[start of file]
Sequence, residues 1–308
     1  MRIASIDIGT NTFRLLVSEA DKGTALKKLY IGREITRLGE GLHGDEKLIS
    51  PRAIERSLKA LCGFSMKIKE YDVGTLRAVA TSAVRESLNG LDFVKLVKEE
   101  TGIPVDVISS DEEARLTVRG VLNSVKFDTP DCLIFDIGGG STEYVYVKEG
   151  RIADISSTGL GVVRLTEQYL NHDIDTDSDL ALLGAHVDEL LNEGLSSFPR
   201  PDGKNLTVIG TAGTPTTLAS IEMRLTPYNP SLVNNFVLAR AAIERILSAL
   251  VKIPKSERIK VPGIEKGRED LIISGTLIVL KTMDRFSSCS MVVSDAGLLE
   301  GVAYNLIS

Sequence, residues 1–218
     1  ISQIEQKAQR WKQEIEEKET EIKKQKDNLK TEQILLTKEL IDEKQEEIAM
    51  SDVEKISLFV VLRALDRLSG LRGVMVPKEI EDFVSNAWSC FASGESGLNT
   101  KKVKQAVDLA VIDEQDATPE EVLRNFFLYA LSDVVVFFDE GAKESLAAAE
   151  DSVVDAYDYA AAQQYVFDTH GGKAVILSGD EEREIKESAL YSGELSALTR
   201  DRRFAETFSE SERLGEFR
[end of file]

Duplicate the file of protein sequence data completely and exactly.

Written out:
Sequence, residues 1–308
     1  MRIASIDIGT NTFRLLVSEA DKGTALKKLY IGREITRLGE GLHGDEKLIS
    51  PRAIERSLKA LCGFSMKIKE YDVGTLRAVA TSAVRESLNG LDFVKLVKEE
   101  TGIPVDVISS DEEARLTVRG VLNSVKFDTP DCLIFDIGGG STEYVYVKEG
   151  RIADISSTGL GVVRLTEQYL NHDIDTDSDL ALLGAHVDEL LNEGLSSFPR
   201  PDGKNLTVIG TAGTPTTLAS IEMRLTPYNP SLVNNFVLAR AAIERILSAL
   251  VKIPKSERIK VPGIEKGRED LIISGTLIVL KTMDRFSSCS MVVSDAGLLE
   301  GVAYNLIS

Sequence, residues 1–218
     1  ISQIEQKAQR WKQEIEEKET EIKKQKDNLK TEQILLTKEL IDEKQEEIAM
    51  SDVEKISLFV VLRALDRLSG LRGVMVPKEI EDFVSNAWSC FASGESGLNT
   101  KKVKQAVDLA VIDEQDATPE EVLRNFFLYA LSDVVVFFDE GAKESLAAAE
   151  DSVVDAYDYA AAQQYVFDTH GGKAVILSGD EEREIKESAL YSGELSALTR
   201  DRRFAETFSE SERLGEFR